With IT, the kids rule
On course: Peter Mavromatakis shows mum Paula a thing or two on the computer.UNTIL recently, whenever mother-of-three Paula Mavromatakis went near a computer, she felt nothing but fear.
“I was scared of them,” she says. “I was afraid if I touched a button something bad would happen.”
But through a new program devised by The Smith Family, Mrs Mavromatakis is now happily living with, and understanding, the “enemy”.
Tech Packs aims to puncture the theory of “what would kids know”, allowing a group of Hume students to give their parents a lesson in computing.
One of them is Mrs Mavromatakis’s 16-year-old son Peter, a year 11 student at Hume Central Secondary College, who took his mum under his wing for the four-week course.
“Before this course I literally didn’t know how to turn on a computer; I knew you had to push a button somewhere,” Mrs Mavromatakis says with a laugh.
“I did a computer course at Collingwood TAFE before the kids were born, but I’ve had nothing to do with them since.”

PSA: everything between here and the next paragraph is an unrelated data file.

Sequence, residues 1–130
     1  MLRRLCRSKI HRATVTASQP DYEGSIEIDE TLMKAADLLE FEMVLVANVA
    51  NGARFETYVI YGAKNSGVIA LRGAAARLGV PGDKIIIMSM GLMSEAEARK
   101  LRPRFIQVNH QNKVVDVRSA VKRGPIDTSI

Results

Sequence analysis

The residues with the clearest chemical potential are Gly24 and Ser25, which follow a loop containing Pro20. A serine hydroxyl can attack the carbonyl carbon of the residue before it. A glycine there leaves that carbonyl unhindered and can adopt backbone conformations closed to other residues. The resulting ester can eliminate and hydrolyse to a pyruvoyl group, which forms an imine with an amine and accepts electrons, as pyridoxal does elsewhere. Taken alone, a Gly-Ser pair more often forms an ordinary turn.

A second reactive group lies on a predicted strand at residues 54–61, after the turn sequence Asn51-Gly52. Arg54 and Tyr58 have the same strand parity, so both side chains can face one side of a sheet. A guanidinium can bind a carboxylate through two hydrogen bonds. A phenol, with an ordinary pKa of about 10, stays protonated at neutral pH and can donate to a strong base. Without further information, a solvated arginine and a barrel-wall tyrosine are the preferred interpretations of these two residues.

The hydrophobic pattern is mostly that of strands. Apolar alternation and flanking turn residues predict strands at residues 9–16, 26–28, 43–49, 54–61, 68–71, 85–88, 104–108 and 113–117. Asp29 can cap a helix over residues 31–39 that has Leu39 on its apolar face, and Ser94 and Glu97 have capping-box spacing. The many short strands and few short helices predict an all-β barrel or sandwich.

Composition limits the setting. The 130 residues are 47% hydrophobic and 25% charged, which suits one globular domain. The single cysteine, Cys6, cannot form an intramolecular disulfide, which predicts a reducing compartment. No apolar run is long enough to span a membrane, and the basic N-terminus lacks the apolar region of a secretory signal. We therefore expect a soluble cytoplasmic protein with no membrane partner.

But with her son’s guidance, Mrs Mavromatakis has learnt the fine art of surfing the net and using YouTube.
Mrs Mavromatakis is among a few residents in the Hume area who either don’t know how, or can’t afford, to go online despite almost three-quarters of Australian households having broadband.
Tech Packs cost only $50. Families can get their hands on a low-cost refurbished computer with 12 months’ free internet access and can attend four free computer classes.
The Smith Family’s Anne Marmion said the program was about removing parents’ mental barriers.
The Smith Family’s winter appeal is also now on. The charity aims to raise $3.7 million nationally to help 10,000 disadvantaged children.